Regional name differences and variations of this and similar dishes and who invented this dish etc are quite complicated. In Hokkaido 北海道 where I grew up, this dish is called “hiyashi ra-men” 冷やしラーメン. The rest of Japan including Tokyo, this dish is usually called “hiyashi chuka” 冷やし中華 which is short for “hiyashi chuka-soba” 冷やし中華そば. “Hiyashi” means cold and “chuka-soba” means Chinese “soba” or noodle. Although this is more of a summer lunch item and not an Izakaya food, Izakayas in Hokkaido often serve “ra-sara” ラーサラ which is short for “ramen salad” throughout the seasons. This is a variation with some more vegetable toppings resembling a salad more than a noodle dish. It is said to have been invented by the chef at the Sapporo Grand Hotel for their Beer Hall (Bierhalle) when it was opened for the first time in the 1980s. I have not made this dish for a long time. An intrepid Japanese food and culture explorer I know announced his intention to thoroughly explore cheap Chinese food and “hiyashi chuka” in the Kanda 神田 area during hot summer days in Tokyo. This combined with the unseasonably hot weather we are having here in the DC area made me think of this dish. In contrast to regular ramen, which appears to invoke profound emotions among “rameniacs" out there, this dish is very low-key and cool-as-a-cucumber--no high emotion required.
Ramen noodle: The dried ramen noodle I had in my pantry this time is made in Yamagata prefecture 山形県, which is located in a northern part of the mainland Japan. It is rather thin and straight but has a nice firm texture, I have no idea what style of a ramen noodle this is (Yamagata style??). I prepared it as per the package instruction and washed it in cold water and drained (Do not ask me how many times I have to shake a “spider” strainer or a flat “zaru” strainer, I just use a good American colander.)
Sauce: Again, there is no complicated preparation for the sauce (you need not to boil whole birds, pig heads, bones, and other secret ingredients for days and months in a cauldron while saying secret mantras). It is essentially a vinegar, soy sauce, mirin with some sesame oil; so I just used a bottled good quality ponzu (shoyu) sauce (this one specifically said “with Hokkaido kelp broth”--my kind of ponzu). I dressed the noodles with a small splash of dark roasted sesame oil before plating it and added the ponzu sauce over it (not too much). All the topping should be cut into thin match stick strips (or “julienned” as Julia[n] Child used to say) and top the noodle with the individual toppings arranged in a radial fashion rather than randomly scattering them (just a tradition). You can mix it up yourself before eating. I had a leftover miso-marinated grilled chicken thigh, so I used that. I also used cucumber, scallion, perilla, pickled ginger root, and golden thread egg (kinshiran 金糸卵). You could add strips of nori sheet, sprouts, carrot, corn, etc but now you are getting dangerously close to the “ra-sara” territory.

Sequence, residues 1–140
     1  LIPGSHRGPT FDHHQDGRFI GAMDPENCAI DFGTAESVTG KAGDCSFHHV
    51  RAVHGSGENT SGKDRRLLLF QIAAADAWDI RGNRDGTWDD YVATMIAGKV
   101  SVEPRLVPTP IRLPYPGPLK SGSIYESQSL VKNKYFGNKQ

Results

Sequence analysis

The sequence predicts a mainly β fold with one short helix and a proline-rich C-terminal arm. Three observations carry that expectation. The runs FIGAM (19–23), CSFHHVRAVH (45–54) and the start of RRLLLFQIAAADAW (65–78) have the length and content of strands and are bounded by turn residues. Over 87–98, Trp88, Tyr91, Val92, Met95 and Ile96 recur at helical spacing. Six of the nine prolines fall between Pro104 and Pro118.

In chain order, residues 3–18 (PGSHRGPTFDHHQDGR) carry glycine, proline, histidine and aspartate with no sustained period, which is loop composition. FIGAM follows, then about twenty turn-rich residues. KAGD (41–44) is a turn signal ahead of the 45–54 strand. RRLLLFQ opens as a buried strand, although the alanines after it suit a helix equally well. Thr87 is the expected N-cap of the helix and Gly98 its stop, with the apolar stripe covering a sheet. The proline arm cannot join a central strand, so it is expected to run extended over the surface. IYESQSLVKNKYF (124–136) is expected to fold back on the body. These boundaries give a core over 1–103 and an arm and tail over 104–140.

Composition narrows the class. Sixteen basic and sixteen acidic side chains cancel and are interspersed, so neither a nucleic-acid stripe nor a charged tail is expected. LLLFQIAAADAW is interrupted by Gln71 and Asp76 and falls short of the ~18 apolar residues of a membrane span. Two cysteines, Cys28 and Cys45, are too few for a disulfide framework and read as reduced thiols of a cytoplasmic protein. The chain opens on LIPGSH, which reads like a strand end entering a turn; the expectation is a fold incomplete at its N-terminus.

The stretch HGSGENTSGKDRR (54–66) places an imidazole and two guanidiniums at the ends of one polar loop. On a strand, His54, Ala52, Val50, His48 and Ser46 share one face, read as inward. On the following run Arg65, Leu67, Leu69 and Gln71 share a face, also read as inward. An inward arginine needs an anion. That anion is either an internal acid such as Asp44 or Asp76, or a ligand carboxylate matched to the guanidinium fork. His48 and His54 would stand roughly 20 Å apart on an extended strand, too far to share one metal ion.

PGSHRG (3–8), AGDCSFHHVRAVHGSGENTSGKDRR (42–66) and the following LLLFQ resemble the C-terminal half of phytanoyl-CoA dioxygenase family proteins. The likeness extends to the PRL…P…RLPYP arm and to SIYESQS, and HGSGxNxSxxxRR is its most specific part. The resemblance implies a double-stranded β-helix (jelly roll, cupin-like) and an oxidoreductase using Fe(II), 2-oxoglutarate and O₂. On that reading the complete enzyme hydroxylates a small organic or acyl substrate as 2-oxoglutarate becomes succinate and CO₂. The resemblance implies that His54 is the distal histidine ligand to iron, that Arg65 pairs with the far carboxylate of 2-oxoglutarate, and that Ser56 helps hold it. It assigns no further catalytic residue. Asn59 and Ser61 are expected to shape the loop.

I garnished it with Campari tomato and served it with a dab of Japaneses hot mustard. This was a lunch and we ate it on our back deck which is perfect especially in this rather hot and muggy weather.